Winter 2014 | Tracing the Footprints of Andrzej Zawada

Noshaq Winter Expedition 2014

This winter, on what they call as 41st anniversary of first winter ascent of (mount) Noshaq, a four-member team is attempting to repeat the feat of Andrzej Zawada and Tadeusz Piotrowski. They intend to climb the 7492m Noshaq peak located at Pakistan-Afghanistan border, which is highest mountain of Afghanistan and second highest in Hindu Kush range (after Tirich Mir). The expedition consists of Polish Aleksandra (Ola) Dzik, Robert Róg, Hubert Szczepan Krzemiński and the Russian Oleg Obrizan.

The man (or the mind) behind winter Himalaism - Andrzej Zawada; Source

The Polish members of the team flew to Dushanbe (Tajikistan) on January 10th, where they met their Russian colleague. Their entrance to Afghanistan was delayed a little because of some change in visa issuance process. Eventually, the matter was sorted out and the climbers crossed the border on Jan 15th. After spending a day in Ishkashim (in Badakhshan province of Afghanistan), they left for Base Camp on 17th. 

The team reached Base Camp at 4200m in Qazi-deh valley on Jan 20th, and immediately started working on the mountain. They have already established C1 at 4900m. Ola Dzik has reported from the Base Camp that weather looks promising, while the ridge above C1 is also in good condition.

Ola Dzik - leader of the expedition; Source

Poles and Noshaq

First Ascent 
The Poles have a special relationship with Noshaq. In summer 1960, the Academic Alpine Club of Kyoto (Japan) sent a team of six climbers (who were also biologists, geologists and science students) to Afghanistan with the objective of scientific research in Wakhan corridor and the first ascent of Noshaq (7492m). They left Kabul on July 1st and reached the Base Camp in Qazi-deh valley on 16th. But the Japanese were taken by surprise when a European expedition also arrived there at the start of August. It was a Polish team led by Boleslaw Chwascinski, who intended to climb the same mountain.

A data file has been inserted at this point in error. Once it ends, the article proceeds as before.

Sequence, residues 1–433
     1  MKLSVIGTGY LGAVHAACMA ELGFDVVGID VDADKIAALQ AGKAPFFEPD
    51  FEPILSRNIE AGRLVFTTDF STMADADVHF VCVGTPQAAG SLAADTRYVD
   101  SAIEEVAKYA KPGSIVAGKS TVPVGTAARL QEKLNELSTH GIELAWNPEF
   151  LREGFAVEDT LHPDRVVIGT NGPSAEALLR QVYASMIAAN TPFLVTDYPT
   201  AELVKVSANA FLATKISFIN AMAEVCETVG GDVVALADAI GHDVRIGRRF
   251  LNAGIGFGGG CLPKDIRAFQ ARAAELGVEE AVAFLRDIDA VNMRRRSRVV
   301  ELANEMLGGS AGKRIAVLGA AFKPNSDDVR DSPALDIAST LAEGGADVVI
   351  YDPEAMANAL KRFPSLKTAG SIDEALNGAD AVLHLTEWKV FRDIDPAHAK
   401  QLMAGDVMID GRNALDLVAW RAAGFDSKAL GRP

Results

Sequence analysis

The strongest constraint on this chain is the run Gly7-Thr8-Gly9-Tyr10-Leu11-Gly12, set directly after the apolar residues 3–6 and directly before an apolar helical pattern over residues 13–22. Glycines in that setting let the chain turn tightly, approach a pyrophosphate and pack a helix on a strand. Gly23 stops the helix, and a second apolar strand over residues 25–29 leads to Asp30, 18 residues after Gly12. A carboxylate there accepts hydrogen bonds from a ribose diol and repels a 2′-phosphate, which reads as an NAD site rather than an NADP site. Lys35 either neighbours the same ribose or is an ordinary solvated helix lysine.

The two expedition leaders discussed the possibility of a joint summit attempt; but when Japanese went up from C4 (6300m) on August 17th, none of the Polish climbers was ready for summit-bid. Toshiaki Sakai and Goro Iwat-subo reached the top at around 6:00PM that day, becoming the first men to arrive at the summit of Noshaq. Polish expedition continued the climb and summited on 27th, 10 days after first ascent. Both teams climbed south col and south ridge.

Noshaq; Source

Second Polish Ascent
However, the story doesn't end here. In 1960s, when the political and financial circumstances didn’t let the Polish climbers to go to Karakoram or Himalayas, they continued venturing in Hindu Kush and made several first ascents of lower peaks. In 1966, second Polish team ascended Noshaq via west ridge (first climbed by Austrians in 1963). It was fourth overall ascent of the mountain.

The Ladies Ascent
In 1972, an expedition led by Janusz Kurczab arrived at Base Camp to achieve the ladies ascent of the mountain. The legendary Wanda Rutkiewicz was also part of the team. Expedition was extremely successful as Jan Holnicki-Szulc, Janusz Kurczab and Krzysztof Zdzitowiecki made the first ascent of the southwest face in alpine-style on August 22, whereas eight other members summited via normal route (west ridge) on 23rd and 25th. It was also a Polish female altitude record, at that time.

Wanda Rutkiewicz; Image: Wikipedia

First Winter Ascent
But the most fascinating connection between Polish climbing and Noshaq was established in early 1973. Winter Himalayan climbing, that later become a Polish national characteristic, started from this mountain when Tadeusz Piotrowski and Andrzej Zawada reached its summit on February 13th. It was first winter ascent of a 7000m peak, which opened the doors of winter climbing in Himalayas.

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